Actors in Sexy Laundry Start With Comedy Then Veer Into Seriousness and Farce Before Bringing It on Home
Josh Morrison and Susan Koozin portray a married couple in Sexy Laundry
Photo by Bruce Bennett
The great staple of comedy is the mid-life marital crisis, and Canadian playwright Michele Riml has added to the genre with Sexy Laundry. a two-character play about a wife seeking to rejuvenate sexuality by booking a room in an upscale hotel tor her husband and herself -- and bringing along a "how-to" book.
Alice and Henry make a very attractive couple, and you might be delighted to be seated next to them at a dinner party. She is elegant, slender, and highly articulate, and he is sincere and agreeable, though so unenthused about the "rejuvenation" project that it's hard to imagine why he agreed to it. The very good news is that the actors playing them both have warmth and charm, and can turn what might be bickering in other hands into comfortably light banter.
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Susan Koozin plays Alice and is wonderful as a controlling woman, still quite beautiful, though with doubts about her looks. She wants her own way -- a woman has needs -- but prefers to get there by gentle urging rather than harsh demands. Josh Morrison plays Henry as a less complicated human being, a husband and father of three, whose idea of a good time is to watch the news on returning from work. They are celebrating, if that is the word, 25 years of marriage.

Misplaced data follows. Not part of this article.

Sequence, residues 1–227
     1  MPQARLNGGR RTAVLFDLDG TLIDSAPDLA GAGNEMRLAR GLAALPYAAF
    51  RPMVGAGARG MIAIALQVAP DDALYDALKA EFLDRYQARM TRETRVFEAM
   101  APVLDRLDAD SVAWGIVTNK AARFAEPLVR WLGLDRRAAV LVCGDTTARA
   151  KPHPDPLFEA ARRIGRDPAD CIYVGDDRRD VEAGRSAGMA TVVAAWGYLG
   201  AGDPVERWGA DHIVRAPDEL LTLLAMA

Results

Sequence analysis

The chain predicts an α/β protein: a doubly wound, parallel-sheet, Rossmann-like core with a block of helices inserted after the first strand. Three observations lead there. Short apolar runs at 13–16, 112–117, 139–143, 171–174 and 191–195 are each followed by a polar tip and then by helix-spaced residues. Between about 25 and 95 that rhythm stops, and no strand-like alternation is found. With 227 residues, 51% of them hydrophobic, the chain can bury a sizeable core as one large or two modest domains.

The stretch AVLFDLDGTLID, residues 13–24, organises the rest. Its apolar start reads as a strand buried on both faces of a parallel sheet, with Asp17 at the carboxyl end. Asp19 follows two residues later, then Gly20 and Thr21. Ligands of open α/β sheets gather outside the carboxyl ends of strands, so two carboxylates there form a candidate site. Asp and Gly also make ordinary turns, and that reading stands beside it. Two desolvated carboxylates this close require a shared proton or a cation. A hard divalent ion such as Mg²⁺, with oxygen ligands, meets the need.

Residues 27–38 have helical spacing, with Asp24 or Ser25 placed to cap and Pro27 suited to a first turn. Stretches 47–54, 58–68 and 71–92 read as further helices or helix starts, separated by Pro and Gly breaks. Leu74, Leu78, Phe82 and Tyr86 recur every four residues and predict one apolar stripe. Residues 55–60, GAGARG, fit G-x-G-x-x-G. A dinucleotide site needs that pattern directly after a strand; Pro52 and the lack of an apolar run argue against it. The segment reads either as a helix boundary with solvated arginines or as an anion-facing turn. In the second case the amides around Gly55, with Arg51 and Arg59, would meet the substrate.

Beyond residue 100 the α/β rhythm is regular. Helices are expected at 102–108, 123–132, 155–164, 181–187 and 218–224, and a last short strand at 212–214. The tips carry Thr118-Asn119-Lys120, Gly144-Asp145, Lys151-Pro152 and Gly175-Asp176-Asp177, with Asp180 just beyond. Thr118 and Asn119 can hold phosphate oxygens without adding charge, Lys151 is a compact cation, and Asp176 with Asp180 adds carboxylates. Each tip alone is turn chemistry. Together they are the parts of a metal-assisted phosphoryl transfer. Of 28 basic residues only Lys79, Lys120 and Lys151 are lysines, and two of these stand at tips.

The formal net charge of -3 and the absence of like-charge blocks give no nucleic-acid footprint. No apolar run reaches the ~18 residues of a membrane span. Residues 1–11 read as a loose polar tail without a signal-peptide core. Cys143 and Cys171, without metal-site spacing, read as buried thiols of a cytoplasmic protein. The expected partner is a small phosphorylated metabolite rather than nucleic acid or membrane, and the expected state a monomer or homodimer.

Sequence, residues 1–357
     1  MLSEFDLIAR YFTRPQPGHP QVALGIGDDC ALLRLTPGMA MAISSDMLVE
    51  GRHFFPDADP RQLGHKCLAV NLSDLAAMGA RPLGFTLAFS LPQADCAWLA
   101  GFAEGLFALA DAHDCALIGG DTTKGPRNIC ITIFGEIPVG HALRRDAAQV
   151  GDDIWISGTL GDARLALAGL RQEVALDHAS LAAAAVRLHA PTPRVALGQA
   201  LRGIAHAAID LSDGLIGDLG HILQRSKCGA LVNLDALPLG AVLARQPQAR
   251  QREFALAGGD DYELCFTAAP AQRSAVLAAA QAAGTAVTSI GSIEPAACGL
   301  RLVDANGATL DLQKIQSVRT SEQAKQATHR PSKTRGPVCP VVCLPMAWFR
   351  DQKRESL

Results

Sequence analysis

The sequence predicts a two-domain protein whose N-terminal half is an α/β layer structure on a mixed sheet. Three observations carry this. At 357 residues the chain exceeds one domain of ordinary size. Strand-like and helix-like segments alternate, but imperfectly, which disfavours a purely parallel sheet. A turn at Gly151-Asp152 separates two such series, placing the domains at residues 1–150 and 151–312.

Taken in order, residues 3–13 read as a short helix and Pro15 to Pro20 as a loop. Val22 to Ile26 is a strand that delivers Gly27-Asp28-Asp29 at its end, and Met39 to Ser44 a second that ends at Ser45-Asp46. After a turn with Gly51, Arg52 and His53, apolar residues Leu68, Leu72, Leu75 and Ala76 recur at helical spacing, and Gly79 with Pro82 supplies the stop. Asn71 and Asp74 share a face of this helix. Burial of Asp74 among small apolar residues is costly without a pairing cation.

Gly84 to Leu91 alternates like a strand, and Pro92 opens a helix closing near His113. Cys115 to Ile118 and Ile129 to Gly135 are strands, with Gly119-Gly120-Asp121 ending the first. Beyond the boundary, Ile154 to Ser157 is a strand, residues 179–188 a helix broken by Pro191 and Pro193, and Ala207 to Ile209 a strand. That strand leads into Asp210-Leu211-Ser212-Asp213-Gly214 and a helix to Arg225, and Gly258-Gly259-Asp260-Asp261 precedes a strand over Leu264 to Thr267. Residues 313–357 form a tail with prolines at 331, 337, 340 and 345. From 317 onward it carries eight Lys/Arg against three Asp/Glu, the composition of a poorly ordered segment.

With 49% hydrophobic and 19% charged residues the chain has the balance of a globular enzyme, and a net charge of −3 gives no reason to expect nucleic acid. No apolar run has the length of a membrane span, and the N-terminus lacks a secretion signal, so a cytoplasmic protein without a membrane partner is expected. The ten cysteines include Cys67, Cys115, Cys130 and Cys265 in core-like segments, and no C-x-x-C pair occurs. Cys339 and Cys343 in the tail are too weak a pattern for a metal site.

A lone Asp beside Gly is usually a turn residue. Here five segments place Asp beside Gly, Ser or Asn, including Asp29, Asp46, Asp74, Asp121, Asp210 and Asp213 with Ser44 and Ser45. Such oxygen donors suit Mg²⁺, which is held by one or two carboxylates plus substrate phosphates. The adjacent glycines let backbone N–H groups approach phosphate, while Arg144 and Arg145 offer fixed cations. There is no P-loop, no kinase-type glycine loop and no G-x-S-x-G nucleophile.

The bed is center-stage in the very attractive set by Kristina Miller, and it looms invitingly, a magnet for Alice and a jousting battleground for Henry. The play begins as a romantic comedy, but about halfway through its 85-minute journey, more serious matters emerge, and it appears that reality might intrude on the comedy. And then it veers into farce, as Alice engages in behavior that is comical, though out-of-character with her dignity.
Each actor has been given an acting challenge, a chance to shine at a solo. Alice at one point describes a treadmill gym encounter with younger women that is hilarious, and Koozin more than does it justice. And Henry has a solo dance that Morrison turns into a subtle and enchanting act of courageous commitment.
There is a passage of extended dialogue about Alice having put on a few pounds, which captures one's attention chiefly because Koozin is so fit as to arouse envy.
The lighting design by Bryan Ealey plays an important part, and is excellent. The direction by Kenn McLaughlin is impeccable, as all the movements seem natural, and he has evoked the acting charm that makes this endeavor worthwhile.
Sexy Laundry is, curiously, not sexy, preferring to dance around the prospect of sexual encounters, while poking fun at them -- it is not the first play to trivialize sex while pretending to exalt it. But the comedy works, and I had a smile on my face for most of the time, though the sobering moment when the tone first shifted was like being slapped with a dead fish. Playwright Riml's invention seems to have failed her at crucial points, and I would hate to see this comedy with less-gifted actors. But, with Koozin and Morrison, it pays off handsomely.
This is a regional premiere, and Sexy Laundry has been widely translated. A sequel, Henry and Alice: Into the Wild, will be produced in April in Vancouver, British Columbia, so we may not have seen the last of Alice and Henry.
Gifted actors find the humor and rich comedy in a mid-life marital crisis, and carry us along with them on a most pleasant theatrical journey.
Sexy Laundry continues through March 16, at Stages Repertory Theatre, 3201 Allen Parkway. For information or ticketing, call 713-527-0123 or contact www.stagestheatre.com.
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